[00:08:36] what can you do to improve your skill set the way you look and what you bring to the table?
[00:08:42]David Vogel: [00:08:42] So much easier said than done.
[00:08:44] Dane Reis: [00:08:44] Oh, a million percent. A million percent. And it takes daily practice. Doesn’t it?
[00:08:48] David Vogel: [00:08:48] Yes. A hundred percent.
[00:08:50]Dane Reis: [00:08:50] Yeah,
well, let’s move on to a time that I like to call your spotlight moment. That one moment in time you realized, yes, I am going to be an entertainer for a living or maybe it was, yes, this is what I need to be doing as an entertainer. Tell us about that.
[00:09:13] David Vogel: [00:09:13]
Well, uh, kind of like why, what I said before, there was never really a time in my life where I didn’t think that I was going to be a performer. Um, my mom has told me stories of when I was three years old, that I was jumping around singing all. The songs from the Disney films that I’m like, Oh, I’ve seen pictures.
[00:09:30] So yeah, that must be true. But I’m also the biggest joke was that I was singing before I was talking. So I was like, for those three years of not talking, certainly made up for that now.
[00:09:42]so I would say it
kind of just was always instilled in me literally since I can remember, but I would say my, it, it moment for me was when I was about nine.
[00:09:54] I want to say,
uh, there was this, uh, I want to say it was the 1994 symphonic recording of Jacqueline Hyde came out and it was with Anthony Warlow and Linda Eder. And. I heard this song. This is the moment. And I went, Oh, mom, I really want to buy that recording. And she was like, Oh, Jacqueline, Hyde up knows that’s a problem.
[00:10:17] So she was like, sure. Yeah. Yeah. So we bought it and I would literally listen to it in the car on repeat over and over again. And I fell in love with Anthony Warlow and Linda header. And then we made our first trip as a family, to New York city in 1997 for around Thanksgiving. I want to say. And Annie was playing at the time with Nell Carter and my mom was like, Oh, we should go see Annie.
[00:10:42] And I was like, no, I want to see Jacqueline.
[00:10:46] Dane Reis: [00:10:46] Yeah, I’ve been listening to this CD.
[00:10:49]David Vogel: [00:10:49] Like on repeat over and over. So she took me to see Jekyll and Hyde. And when I saw that show and Robert coochie Ali singing, this is the moment I was like, that is my dad is my it moment. That is my, I need to do this for a living.
[00:11:04]Dane Reis: [00:11:04] Oh, that’s so good. I love it. And you got to show you want it.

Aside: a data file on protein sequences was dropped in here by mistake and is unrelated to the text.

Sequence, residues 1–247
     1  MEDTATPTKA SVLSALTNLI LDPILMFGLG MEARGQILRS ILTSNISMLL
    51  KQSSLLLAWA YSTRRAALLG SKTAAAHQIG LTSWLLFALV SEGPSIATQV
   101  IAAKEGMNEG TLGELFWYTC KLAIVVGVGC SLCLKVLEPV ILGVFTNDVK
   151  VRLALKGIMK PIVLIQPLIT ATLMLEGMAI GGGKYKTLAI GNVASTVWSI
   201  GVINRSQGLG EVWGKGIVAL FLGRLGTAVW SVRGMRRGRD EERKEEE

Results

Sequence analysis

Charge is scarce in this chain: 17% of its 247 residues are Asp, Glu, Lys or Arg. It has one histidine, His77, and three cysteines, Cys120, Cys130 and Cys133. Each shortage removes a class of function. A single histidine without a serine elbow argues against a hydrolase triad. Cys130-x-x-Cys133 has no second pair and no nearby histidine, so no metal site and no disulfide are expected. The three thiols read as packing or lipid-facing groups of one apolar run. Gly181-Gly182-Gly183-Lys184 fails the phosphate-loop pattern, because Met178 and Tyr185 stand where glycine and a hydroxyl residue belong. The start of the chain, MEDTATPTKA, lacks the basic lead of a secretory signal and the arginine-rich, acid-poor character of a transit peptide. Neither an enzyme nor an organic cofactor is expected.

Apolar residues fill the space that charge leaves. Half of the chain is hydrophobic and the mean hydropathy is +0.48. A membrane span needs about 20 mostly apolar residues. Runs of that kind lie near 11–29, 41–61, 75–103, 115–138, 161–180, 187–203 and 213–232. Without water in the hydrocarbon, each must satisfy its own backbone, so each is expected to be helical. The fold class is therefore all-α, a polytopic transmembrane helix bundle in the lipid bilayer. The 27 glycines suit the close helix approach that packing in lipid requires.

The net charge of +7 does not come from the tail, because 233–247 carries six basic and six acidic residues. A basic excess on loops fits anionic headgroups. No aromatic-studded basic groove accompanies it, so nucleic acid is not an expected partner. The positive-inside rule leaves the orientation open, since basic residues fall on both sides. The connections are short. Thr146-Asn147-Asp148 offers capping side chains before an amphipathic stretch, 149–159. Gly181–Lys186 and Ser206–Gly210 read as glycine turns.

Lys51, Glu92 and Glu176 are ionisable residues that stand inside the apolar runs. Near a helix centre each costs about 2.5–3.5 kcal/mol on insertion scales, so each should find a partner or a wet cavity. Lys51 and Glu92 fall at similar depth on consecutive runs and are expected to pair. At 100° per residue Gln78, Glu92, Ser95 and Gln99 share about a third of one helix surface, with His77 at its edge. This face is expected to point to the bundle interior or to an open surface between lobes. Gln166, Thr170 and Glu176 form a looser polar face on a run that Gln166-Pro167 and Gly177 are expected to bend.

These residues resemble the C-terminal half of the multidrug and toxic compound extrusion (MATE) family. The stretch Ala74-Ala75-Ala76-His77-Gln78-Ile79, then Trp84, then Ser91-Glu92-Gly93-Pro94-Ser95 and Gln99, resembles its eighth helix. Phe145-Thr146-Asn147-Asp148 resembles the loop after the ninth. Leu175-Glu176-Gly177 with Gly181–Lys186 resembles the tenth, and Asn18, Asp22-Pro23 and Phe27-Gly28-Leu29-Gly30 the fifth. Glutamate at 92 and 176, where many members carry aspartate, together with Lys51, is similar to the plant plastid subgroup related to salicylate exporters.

[00:11:10] David Vogel: [00:11:10] I know who can say that.
[00:11:15] Dane Reis: [00:11:15] All right.
Well, let’s piggyback on that real quick and talk about your number one, booked it moment. Walk us through that day, the auditions and call backs. If they happen to be a part of it and what was going on in your life. And what about that moment? Makes it your favorite? Booked it moment.
[00:11:34]David Vogel: [00:11:34] All right. So I’m going to ask if I can give two, but I’ll give them cause they are equally important to me.
[00:11:41] Um, I’m going to make them very quick though. Okay. So the first one was when I booked Chicago,
um, it was, it was an incredible day slash. Months, because there was a little bit of a waiting period, but I remember that I was literally finishing doing my children’s theater works tour and it was our final performance and it was in long Island and I had to somehow do the performance at 10:00 AM and get to Ripley Greer studios in Midtown by two o’clock. So I remember we did the show, we packed it up and we were in traffic. And I was freaking out and I literally walked up to the floor of Ripley, walked in, sat down. And as soon as I sat down, uh, the monitor came out and said, David Vogel. And I just, I didn’t even get to warm up that part of my voice yet this high soprano falsetto extension, I was just like, Oh, well, we’re just going to do this.
[00:12:39] Dane Reis: [00:12:39] let’s do it.
[00:12:41]David Vogel: [00:12:41] And honestly, looking back.
Uh, I think that’s actually what benefited me was that I didn’t have time to overthink it. So I walked in and it was, uh, the amazing Duncan Stewart was sitting there and he just smiled. And, um, you know, he just played the first chord, the accompanist, and I just sang, I sang the cut and when I finished, uh, Duncan just said, great.
[00:13:04] And then he said, can you come back at four o’clock today? And I was like, Oh, sure. He was like, it’s nothing big.